Today's tale is titled "Bimal Chases a Butterfly" and it's a sweet children's picture book tale in which a little boy attempts to catch a butterfly that he spots in his backyard. Exactly as the title says then, except that the butterfly leads Bimal beyond the apparent bottom of the garden into a fantastical exotic forest and starts growing bigger and more colourful until the kid encounters something phenomenal drawn from Hindu mythology.
I thought it'd be nice to channel a bit of Asian legend and religion into a story and Hindu mythology is such a rich, incomprehensible area that I'm keen to learn more about (I'm pretty ignorant in contrast to other cultures and spiritual traditions). I like the idea of a suburban British setting enveloping into an exotic subcontinental jungle with snakes and lotus flowers - the whole otherwordly and amazing appearing suddenly in the midst of the mundane idea.
It also gave me a chance to do something unique with a familiar story - the notion of a child following something and discovering untold wonders - and pushing some ethnic diversity into the action. I didn't set out to write it as a tokenistic thing with a specific "we shall have an Asian protagonist and represent this ethnic minority!" goal in mind. I do look for diversity though and want to write about a range of cultures and feature characters of different backgrounds, natures, creeds and colours. Things get a bit boring if everything's the same.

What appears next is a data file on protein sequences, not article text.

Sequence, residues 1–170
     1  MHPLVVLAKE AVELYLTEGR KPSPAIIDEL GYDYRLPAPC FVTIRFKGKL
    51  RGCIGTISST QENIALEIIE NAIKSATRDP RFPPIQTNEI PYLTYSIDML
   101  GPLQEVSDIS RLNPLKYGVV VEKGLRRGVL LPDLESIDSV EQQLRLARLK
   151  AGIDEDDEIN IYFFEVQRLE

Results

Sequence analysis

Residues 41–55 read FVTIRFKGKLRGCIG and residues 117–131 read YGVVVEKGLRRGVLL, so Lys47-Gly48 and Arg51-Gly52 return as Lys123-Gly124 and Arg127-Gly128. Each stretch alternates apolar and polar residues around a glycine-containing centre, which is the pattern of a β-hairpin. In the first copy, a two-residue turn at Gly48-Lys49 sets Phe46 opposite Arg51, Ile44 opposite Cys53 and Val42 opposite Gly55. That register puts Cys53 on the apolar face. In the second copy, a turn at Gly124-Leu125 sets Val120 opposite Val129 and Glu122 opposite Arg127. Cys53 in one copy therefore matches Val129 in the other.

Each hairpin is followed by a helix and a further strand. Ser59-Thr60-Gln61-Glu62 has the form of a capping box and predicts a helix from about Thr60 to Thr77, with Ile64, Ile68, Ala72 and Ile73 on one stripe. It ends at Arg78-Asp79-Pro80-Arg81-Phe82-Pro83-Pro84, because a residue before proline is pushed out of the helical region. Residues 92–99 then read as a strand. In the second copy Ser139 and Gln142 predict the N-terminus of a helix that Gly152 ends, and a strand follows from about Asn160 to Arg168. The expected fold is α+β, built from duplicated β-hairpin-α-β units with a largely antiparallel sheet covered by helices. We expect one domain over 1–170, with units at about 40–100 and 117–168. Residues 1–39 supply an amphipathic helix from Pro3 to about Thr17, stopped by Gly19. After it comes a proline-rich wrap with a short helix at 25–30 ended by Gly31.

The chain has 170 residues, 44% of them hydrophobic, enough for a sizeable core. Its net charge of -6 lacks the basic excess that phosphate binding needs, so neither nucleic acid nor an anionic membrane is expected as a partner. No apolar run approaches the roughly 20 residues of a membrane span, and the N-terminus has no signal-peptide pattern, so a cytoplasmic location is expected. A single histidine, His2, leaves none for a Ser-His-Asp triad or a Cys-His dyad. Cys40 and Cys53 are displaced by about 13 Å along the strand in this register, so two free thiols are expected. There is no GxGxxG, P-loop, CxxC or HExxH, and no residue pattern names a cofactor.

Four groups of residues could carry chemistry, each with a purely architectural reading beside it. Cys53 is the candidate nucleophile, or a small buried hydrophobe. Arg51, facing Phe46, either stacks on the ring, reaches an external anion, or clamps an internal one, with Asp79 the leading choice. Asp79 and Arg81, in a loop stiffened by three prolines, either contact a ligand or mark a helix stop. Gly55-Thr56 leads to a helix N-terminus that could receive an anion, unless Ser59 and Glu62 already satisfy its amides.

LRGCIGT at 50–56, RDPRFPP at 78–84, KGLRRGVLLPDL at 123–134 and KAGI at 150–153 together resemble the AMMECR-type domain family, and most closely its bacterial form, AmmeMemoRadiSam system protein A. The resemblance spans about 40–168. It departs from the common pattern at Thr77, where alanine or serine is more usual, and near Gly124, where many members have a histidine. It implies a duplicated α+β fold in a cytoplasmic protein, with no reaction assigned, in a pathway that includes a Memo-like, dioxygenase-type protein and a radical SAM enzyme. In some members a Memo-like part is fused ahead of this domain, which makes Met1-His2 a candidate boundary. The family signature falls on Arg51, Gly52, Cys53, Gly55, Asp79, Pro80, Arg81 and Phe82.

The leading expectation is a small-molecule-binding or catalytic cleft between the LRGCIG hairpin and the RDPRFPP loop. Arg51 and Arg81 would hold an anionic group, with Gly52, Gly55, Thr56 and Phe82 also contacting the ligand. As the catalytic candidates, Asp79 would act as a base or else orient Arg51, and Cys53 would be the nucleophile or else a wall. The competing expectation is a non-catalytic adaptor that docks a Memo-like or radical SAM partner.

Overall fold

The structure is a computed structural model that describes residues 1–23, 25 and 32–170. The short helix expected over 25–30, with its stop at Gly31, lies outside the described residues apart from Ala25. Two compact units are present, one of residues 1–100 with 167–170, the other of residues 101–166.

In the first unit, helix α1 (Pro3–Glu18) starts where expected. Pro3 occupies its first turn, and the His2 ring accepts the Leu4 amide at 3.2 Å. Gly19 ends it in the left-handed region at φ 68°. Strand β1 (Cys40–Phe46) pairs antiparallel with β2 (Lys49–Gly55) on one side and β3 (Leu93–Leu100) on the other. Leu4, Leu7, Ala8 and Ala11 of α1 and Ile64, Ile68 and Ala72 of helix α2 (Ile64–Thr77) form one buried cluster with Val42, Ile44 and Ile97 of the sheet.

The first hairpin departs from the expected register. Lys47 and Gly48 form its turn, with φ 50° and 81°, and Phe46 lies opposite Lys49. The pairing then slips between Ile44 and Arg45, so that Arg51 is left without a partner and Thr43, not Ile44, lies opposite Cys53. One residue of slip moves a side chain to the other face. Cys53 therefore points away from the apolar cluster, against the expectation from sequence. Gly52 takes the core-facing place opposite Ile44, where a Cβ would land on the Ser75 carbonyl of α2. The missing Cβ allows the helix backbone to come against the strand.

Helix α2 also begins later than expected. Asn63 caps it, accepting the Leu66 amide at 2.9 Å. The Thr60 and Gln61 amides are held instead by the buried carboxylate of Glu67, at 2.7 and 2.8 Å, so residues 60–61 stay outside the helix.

At school we were taught to read with The Magic Key books that made up the Oxford Reading Tree (I imagine that at the top of the tree there's a copy of The Lord of the Rings. In fact, the Oxford Reading Tree is probably an Ent.) and the books followed the adventures of Biff, Chip and Kipper. At a certain point in the series, Nadim and Annena showed up which gets a thumbs up in terms of positive representation and exposure for non-white kids in educational materials. It's important that young readers experience and empathise with myriad characters from a rich array of cultural and ethnic backgrounds and I'm keen to push that.
"Bimal Chases a Butterfly" is no doubt partly inspired by that wish and I'd like to think that down the line I could have a positive contribution in terms of alternative representations in the stories children end up encountering. Regardless, today's script also pushes one of my other passions which is making allusions to the supernatural and the mythical while also encouraging a sense of adventure and imaginative wonder in apparently unexceptional settings (as I've spoken about many times already on this blog).
I feel happy in that everything I've been writing has been authentic to me and what I want to write on the moment, on that day. When each story offers a nice opportunity to try something different and immerse yourself in another world - today in researching Hindu mythology and traditional imagery - it's even more enjoyable. Onward with chasing stories and following the creative spirit for the rest of the month. I'm almost at the halfway point in this odyssey, y'know...